Ron Rivera is ‘all for the celebrations’ but still supports the NFL taunt rule


No one on the Washington football team was harmed by controversial taunt penalties at the start of the 2021 season, but many other NFL players have already been reported for post-play acts that do not appear to be so bad to those watching the action.

With that in mind, Ron Rivera was asked on Tuesday if he was using other people’s missteps to give lessons to those on his list. After quickly recognizing that yes, he continues to remind his guys to be smart, the Washington head coach has started to open up about the issue that the league is currently watching very closely.

“The idea behind the taunts rule is to prevent more important things,” said Rivera, who sits on the NFL’s competition committee and is responsible for the emphasis on taunts.

For Rivera, it’s always quite simple (he broached the same subject last month): you can do whatever you want following a first clutch down or a significant forced turnover as long as you don’t do it. not at the expense of your opponent. In no case does he suddenly expect sports stars to turn dumb or anything absurd in that sense.

In fact, his best year in Carolina had all kinds of stories and he really enjoyed it.

“I’m all for the celebrations,” Rivera said. “Remember we were the 2015 team that everyone was mad at because we were dabbing and stuff like that, taking pictures on the sidelines. You want these guys to keep their personalities, you want them to be who they are because they are explosive players who make dynamic games.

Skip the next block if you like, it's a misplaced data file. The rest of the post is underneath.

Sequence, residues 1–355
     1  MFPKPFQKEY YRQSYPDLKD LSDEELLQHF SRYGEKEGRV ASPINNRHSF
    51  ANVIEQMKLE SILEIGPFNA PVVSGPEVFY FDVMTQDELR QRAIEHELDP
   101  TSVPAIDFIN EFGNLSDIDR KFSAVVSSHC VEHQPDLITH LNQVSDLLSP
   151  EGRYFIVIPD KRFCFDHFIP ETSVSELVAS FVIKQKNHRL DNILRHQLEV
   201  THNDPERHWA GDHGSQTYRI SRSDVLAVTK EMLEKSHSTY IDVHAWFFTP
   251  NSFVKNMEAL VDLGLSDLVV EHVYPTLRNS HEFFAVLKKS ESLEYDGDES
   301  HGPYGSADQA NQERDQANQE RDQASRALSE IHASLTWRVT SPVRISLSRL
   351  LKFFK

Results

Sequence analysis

“The intention is that someone doesn’t do something that brings someone back with a bit of retaliation. You don’t want that. You don’t want someone to be there for revenge.”

Now what confuses football fans and many, many teams is that a handful of flags that have been rated seem more than stingy.

It’s one thing to want to avoid nasty fights, but when a close end, for example, spins a ball that lands near the feet of a defensive back but was clearly not meant to be insulting and is still penalized, this is unreasonable. A Chicago Bears member even told reporters he wasn’t sure. “if he can be happy” after being whistled for taunts in week 2.

Rivera did not enter these murky cases on Tuesday. Instead, he just reiterated the need to not show someone on the other side when you’re excited about your own performance.

“Get up and drop your ball, do your dab or dance or whatever, but don’t do it towards someone,” he said. “Don’t step on someone and slide your leg over someone. That’s what we’re trying to prevent.”

As mentioned, Washington has stayed within the rules through two contests. If that changes, it will be interesting to see if Rivera’s position is too.

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